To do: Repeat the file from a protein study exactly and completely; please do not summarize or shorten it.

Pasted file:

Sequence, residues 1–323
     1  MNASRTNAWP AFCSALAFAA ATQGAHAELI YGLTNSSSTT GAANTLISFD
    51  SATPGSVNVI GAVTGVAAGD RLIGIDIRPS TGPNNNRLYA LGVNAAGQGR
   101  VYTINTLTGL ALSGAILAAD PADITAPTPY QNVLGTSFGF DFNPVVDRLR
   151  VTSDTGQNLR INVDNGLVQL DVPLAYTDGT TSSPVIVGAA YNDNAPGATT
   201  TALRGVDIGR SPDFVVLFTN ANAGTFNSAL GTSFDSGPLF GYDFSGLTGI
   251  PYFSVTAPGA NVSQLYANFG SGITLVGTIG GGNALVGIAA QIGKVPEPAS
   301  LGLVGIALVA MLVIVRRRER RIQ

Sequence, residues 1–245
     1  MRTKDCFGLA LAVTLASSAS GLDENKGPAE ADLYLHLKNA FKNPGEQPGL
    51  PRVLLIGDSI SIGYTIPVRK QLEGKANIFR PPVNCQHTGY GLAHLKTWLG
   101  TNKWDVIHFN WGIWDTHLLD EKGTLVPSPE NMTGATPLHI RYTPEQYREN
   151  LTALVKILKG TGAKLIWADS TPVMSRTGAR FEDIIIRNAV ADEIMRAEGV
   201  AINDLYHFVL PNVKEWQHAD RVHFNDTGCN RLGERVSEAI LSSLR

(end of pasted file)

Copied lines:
Sequence, residues 1–323
     1  MNASRTNAWP AFCSALAFAA ATQGAHAELI YGLTNSSSTT GAANTLISFD
    51  SATPGSVNVI GAVTGVAAGD RLIGIDIRPS TGPNNNRLYA LGVNAAGQGR
   101  VYTINTLTGL ALSGAILAAD PADITAPTPY QNVLGTSFGF DFNPVVDRLR
   151  VTSDTGQNLR INVDNGLVQL DVPLAYTDGT TSSPVIVGAA YNDNAPGATT
   201  TALRGVDIGR SPDFVVLFTN ANAGTFNSAL GTSFDSGPLF GYDFSGLTGI
   251  PYFSVTAPGA NVSQLYANFG SGITLVGTIG GGNALVGIAA QIGKVPEPAS
   301  LGLVGIALVA MLVIVRRRER RIQ

Sequence, residues 1–245
     1  MRTKDCFGLA LAVTLASSAS GLDENKGPAE ADLYLHLKNA FKNPGEQPGL
    51  PRVLLIGDSI SIGYTIPVRK QLEGKANIFR PPVNCQHTGY GLAHLKTWLG
   101  TNKWDVIHFN WGIWDTHLLD EKGTLVPSPE NMTGATPLHI RYTPEQYREN
   151  LTALVKILKG TGAKLIWADS TPVMSRTGAR FEDIIIRNAV ADEIMRAEGV
   201  AINDLYHFVL PNVKEWQHAD RVHFNDTGCN RLGERVSEAI LSSLR